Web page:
Stated by Steve Silverman “Fast pitch softball is played around the world at the youth, high school, college and professional levels” (Steve Silverman 1). In other words you can play fast pitch softball in many different levels almost anywhere you go. Usually the team with the advantage is the team with better pitchers that can throw around 70 mph which is like throwing a 95-mph baseball pitch (Steve Silverman 1). The windmill pitch is helpful because it produced more speed behind the ball. Now in softball it is illegal to pitch anything other than the windmill pitch. Bertha Regan Tickey mastered the windmill pitch and is now one of the first great women windmill pitchers and is now in the softball Hall of Fame; for 40 years Ticky pitched 757 games and had 168 no-hitters (Steve Silverman 3). Eddie Feigner a pitcher for “The King and His Court” played for 55 years with them (Steve Silverman 4). Feigner had a recorded of 9,743 victories and 930 no-hitters for his career; his top pitch was once timed at a rate of 104 MP's (Steve Silverman 4).
Famous Softball Players
There are a lot of great softball players in the world but some of the most popular are Jennie Finch, Crystal Burstos, Lisa Fernandez, Cat Osterman, and Michele Mary Smith. According to Manali “The most famous softball player Jennie Finch started pitching windmill style at the age of eight” (Manali Oak 2).After years of practice she perfected her softball skills and played in college softball torments; Finch also competed in the Olympics for softball and won a gold metal (Manali Oak 2). Mexican American Crystl Bustos holds the world record of home runs done at the Olympics; she is also was a member of the Olympic softball team in 2008 and was the winner of 3 world cup championships and 3 pan American gold’s (Manali Oak 3). In 1994 Lisa Fernandez and her team were in the Women’s College World Series Championship; after the World Series Fernandez was offered into the US women’s Olympic Softball Team (Manali Oak 4). Fernandez is also a winner of 2 gold medals one from 2000 and another from 2004(Manali Oak 4).Cat Osterman a pitcher for the USA Women’s softball team has a gold and silver medal from summer Olympics; she also pitched 20 NCAA no-hitters on her career and 10 NCAA perfect games in her career (Manali Oak 5). Two-time gold medalist from the Olympic softball team Michele Mary Smith has played for the Japanese Professional softball League starting in 1992; Smith has been awarded the ASA Softball Hall of Fame in 2006(Manali Oak 6).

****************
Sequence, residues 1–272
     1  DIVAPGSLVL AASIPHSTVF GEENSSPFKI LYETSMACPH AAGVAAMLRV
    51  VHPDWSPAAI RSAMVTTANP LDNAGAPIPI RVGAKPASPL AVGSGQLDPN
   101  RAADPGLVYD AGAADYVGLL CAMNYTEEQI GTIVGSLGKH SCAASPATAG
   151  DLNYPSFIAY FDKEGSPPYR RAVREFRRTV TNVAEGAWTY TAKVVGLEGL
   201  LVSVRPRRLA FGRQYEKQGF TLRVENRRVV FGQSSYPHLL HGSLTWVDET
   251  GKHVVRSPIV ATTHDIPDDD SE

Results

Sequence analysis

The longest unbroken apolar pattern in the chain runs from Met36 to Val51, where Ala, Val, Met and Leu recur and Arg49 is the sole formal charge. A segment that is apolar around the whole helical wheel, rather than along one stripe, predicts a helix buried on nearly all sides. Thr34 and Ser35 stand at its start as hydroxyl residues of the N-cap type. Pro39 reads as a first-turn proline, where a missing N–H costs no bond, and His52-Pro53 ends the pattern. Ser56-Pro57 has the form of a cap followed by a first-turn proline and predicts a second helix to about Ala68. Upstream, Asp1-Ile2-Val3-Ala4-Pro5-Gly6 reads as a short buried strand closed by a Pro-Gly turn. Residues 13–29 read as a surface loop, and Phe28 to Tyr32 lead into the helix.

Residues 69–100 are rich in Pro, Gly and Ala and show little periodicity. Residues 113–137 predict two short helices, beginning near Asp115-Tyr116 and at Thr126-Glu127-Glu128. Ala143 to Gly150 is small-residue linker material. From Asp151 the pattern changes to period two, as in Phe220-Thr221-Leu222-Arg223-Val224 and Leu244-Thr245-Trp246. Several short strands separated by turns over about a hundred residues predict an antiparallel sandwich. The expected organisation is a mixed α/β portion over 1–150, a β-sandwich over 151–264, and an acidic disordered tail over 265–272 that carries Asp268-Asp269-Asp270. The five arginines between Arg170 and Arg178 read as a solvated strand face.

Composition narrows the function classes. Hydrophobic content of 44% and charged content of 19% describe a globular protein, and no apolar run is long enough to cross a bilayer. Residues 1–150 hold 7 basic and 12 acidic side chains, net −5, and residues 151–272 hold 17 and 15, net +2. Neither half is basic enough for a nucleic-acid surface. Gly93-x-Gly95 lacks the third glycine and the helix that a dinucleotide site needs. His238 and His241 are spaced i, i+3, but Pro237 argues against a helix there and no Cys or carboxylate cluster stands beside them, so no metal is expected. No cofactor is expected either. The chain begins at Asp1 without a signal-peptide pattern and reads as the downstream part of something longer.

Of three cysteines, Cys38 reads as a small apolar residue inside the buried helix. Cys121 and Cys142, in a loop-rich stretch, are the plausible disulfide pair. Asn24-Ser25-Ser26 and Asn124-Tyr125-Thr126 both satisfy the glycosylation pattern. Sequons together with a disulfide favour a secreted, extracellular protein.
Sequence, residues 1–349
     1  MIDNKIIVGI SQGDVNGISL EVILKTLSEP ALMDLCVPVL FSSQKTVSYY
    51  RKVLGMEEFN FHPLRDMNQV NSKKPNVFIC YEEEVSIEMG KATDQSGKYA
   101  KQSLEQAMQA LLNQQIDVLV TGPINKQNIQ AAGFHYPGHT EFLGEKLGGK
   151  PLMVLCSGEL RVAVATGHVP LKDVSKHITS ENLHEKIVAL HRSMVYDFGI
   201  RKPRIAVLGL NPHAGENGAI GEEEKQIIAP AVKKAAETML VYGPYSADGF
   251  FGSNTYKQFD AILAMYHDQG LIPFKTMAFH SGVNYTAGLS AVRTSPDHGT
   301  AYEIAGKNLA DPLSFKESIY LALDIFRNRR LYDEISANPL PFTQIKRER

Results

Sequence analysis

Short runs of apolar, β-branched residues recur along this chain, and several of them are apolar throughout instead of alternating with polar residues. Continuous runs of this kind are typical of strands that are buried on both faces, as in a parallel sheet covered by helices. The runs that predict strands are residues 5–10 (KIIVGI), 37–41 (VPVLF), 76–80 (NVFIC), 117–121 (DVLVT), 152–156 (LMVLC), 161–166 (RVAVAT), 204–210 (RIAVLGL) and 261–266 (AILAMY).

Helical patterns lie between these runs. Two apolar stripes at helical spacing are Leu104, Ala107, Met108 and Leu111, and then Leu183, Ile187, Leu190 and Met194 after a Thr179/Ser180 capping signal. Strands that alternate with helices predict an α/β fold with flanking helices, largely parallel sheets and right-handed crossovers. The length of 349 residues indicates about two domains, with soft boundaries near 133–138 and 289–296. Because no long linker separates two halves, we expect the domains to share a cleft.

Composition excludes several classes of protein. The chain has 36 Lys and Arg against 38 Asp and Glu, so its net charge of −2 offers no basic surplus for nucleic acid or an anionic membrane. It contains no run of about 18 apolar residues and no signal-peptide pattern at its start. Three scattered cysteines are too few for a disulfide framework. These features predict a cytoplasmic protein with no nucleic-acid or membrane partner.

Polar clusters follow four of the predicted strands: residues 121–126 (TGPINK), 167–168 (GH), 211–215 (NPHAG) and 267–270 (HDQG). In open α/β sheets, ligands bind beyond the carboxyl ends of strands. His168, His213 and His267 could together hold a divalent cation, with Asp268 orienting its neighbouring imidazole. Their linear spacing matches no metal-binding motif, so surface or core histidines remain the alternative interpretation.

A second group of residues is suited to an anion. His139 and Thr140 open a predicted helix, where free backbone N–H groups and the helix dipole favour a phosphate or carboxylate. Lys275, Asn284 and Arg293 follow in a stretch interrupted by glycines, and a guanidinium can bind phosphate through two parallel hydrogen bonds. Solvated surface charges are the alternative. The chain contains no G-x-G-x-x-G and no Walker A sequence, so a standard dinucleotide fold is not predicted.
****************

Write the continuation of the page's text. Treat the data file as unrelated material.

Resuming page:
- Dagenais. "History of Softball." History of Softball. N.p., 2009. Web. 30 Oct. 2012. <http://www.softballperformance.com/softball-history/>.
- N.d. Photograph. Google Images. Web. 31 Oct. 2012. <http://www.google.com/imgres?imgurl=http://www.poyi.org/65/photos/06second/01.jpg&img>.
- N.d. Photograph. Google Images. Web. 31 Oct. 2012. <http://www.google.com/imgres?q=usa+softball+pitcher+jennie+finch+pitching&um=1&hl=en&rlz=1C1GPCK_>.
- N.d. Photograph. History of Softball. Dagenais & Associates, Inc., 2009. Web. 30 Oct. 2012. <http://www.softballperformance.com/softball-history/>.
- Oak, Manali. "Famous Softball Players." Buzzle.com. N.p., 2000-2011. Web. 30 Oct. 2012.
- Silverman, Steve. "The History of Windmill Softball Pitch." LIVESTRONG.COM. N.p., 2012. Web. 30 Oct. 2012. <http://www.livestrong.com/article/548402-the-history-of-windmill-softball-pitch/>.
- N.d. Photograph. THE HISTORY OF WINDMILL SOFTBALL PITCH. LIVESTRONG.COM. Web. 30 Oct. 2012. <http://www.livestrong.com/article/548402-the-history-of-windmill-softball-pitch/>.